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Top Chef Masters: Mantuano is Da Man

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Top Chef Masters Season Two is officially underway, and it started on exactly the right note, with Spiaggia's Tony Mantuano as victor! Well, one-half victor, anyway, with L.A.'s Susan Feniger making up the other half of the winning team. We knew there was a good reason for Mantuano's viewing party tonight at his Mag Mile restaurant, other than to, uh, watch him on a big screen.

The show started off, as usual, with a bang: the old junk food quickfire challenge, using foods procured at a gas station.

Mantuano was in a group of six that also included L.A.'s Govind Armstrong, Ana Sortun of Cambridge, Mass., Jimmy Bradley of New York and Seattle's Jerry Traunfeld. The chefs were paired up, which meant two of them would advance.

Sortun and Traunfeld seemed to be the early leaders, producing a sophisticated-looking crispy rice cake with 'clamesco' sauce (thanks, Clamato juice). Mantuano and Feniger went sweet -- and safe -- with maple bread pudding and caramelized bananas. And Armstrong and Bradley just went scary, with a shockingly orange Flamin' Hot Cheetos mac 'n' cheese and grilled Slim Jims.

Lucky for Mantuano and Feniger, the judges -- the post-punk band the Bravery -- also had a sweet tooth, and gave their dish the top score. Which brings us to this revelation: Mantuano is way hip! Upon learning that the Bravery were the judges, the 56-year-old chef revealed to the cameras that the band is on his iPod.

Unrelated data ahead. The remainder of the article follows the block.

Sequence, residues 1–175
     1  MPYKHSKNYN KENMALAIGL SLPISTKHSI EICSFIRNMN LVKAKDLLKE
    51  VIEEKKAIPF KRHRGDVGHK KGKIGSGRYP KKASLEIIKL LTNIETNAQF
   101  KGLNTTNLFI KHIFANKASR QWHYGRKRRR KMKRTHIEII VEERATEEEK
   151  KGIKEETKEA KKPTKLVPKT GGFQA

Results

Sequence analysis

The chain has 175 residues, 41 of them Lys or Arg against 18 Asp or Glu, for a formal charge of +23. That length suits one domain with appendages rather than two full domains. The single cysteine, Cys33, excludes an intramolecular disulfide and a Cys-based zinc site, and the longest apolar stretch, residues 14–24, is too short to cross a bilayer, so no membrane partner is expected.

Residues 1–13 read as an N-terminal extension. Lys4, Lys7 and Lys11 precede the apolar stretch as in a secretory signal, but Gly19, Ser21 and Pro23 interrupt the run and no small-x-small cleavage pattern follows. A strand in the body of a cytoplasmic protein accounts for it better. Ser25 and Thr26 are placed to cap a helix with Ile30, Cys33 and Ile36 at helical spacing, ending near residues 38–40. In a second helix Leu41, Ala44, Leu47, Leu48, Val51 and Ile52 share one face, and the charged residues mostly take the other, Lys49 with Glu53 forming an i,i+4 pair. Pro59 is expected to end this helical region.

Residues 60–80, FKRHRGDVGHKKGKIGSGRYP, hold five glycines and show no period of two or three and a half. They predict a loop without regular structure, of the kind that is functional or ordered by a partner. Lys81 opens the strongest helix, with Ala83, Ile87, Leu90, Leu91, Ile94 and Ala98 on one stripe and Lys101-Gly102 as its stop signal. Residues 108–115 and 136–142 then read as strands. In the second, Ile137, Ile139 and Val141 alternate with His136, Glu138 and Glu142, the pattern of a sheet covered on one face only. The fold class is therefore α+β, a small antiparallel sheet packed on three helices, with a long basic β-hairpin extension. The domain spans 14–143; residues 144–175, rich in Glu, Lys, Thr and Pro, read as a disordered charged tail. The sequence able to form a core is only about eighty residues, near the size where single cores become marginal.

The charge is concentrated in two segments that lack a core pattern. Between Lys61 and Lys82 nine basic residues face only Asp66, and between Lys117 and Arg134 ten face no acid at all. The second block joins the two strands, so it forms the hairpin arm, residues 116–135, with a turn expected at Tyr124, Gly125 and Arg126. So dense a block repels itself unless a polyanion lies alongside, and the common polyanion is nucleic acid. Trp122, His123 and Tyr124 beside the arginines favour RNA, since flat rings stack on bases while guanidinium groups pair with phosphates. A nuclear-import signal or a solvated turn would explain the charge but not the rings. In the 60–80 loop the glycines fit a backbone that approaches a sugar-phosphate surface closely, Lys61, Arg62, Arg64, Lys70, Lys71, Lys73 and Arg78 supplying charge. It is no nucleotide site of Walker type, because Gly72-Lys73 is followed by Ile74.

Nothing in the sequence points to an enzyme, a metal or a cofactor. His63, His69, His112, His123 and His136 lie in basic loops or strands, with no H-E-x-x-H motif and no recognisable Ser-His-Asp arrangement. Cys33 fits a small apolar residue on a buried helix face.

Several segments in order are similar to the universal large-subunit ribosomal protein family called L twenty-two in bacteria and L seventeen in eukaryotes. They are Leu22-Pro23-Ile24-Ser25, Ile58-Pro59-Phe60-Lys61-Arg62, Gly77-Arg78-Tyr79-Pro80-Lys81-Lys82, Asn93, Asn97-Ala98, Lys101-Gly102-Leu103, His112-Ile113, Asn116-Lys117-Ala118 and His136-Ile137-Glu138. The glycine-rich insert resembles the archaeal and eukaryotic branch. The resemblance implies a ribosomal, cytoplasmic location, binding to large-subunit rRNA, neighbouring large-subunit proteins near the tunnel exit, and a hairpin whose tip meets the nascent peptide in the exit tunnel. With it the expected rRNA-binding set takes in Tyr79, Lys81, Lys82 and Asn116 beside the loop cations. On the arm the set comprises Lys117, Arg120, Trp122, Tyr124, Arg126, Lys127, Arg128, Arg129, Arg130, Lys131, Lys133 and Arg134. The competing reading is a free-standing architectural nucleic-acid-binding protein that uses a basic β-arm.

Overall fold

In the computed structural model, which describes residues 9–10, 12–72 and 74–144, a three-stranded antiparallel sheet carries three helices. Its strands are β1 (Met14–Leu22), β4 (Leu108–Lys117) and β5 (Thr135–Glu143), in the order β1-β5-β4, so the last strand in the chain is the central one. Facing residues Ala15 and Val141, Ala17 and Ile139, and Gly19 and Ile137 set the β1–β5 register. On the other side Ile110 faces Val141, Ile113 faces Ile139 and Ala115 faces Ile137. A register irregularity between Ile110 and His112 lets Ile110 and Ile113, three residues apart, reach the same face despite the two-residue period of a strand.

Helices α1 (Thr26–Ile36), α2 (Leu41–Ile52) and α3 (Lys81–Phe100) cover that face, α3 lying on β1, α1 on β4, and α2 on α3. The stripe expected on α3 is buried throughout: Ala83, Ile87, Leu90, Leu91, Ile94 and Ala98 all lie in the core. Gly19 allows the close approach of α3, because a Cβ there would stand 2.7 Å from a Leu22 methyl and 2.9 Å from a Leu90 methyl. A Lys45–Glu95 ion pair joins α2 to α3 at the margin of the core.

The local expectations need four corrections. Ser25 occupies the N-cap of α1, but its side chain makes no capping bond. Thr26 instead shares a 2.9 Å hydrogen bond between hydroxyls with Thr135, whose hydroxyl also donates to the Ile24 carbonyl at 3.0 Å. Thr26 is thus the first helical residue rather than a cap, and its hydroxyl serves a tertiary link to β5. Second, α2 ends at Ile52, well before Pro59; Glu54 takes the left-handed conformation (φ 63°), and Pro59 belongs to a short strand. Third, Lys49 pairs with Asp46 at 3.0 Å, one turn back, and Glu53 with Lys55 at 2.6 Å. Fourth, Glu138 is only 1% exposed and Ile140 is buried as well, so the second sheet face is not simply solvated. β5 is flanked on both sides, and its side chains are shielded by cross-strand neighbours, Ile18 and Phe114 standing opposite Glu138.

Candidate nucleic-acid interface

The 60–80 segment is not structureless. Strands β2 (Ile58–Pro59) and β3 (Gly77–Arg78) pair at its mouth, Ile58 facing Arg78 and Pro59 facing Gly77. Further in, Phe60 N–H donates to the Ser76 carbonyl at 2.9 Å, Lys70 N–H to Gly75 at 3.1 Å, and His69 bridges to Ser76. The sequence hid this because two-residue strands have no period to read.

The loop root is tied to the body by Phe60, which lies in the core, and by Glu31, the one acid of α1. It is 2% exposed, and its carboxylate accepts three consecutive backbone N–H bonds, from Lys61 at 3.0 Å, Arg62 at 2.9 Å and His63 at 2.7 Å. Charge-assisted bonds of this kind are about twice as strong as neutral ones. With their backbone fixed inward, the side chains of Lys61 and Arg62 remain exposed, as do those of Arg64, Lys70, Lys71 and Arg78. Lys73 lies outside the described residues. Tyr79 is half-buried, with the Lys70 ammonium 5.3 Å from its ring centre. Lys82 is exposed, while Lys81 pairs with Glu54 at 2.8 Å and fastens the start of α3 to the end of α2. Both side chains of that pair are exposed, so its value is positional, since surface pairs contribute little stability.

On to the elimination challenge: cook a romantic dish for 30 couples on their first date. Mantuano smiles and says, "If I can make the President and First Lady happy on their date night, I can make first-time daters happy." Aha! He invoked Obama, as we'd also predicted.

But he was right. While Govind just got grumpier and grumpier, both Mantuano and Feniger seemed to float, all million-watt smiles as they won the judges over with black pepper shrimp and scallops and taleggio pasta with mushrooms and truffles. "An intense experience," said judge and British food critic Jay Rayner.

Right on.

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Janet Rausa Fuller

Sun-Times Food editor Janet Rausa Fuller is always thinking about her next meal.

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This page contains a single entry by Janet Rausa Fuller published on April 7, 2010 10:20 PM.

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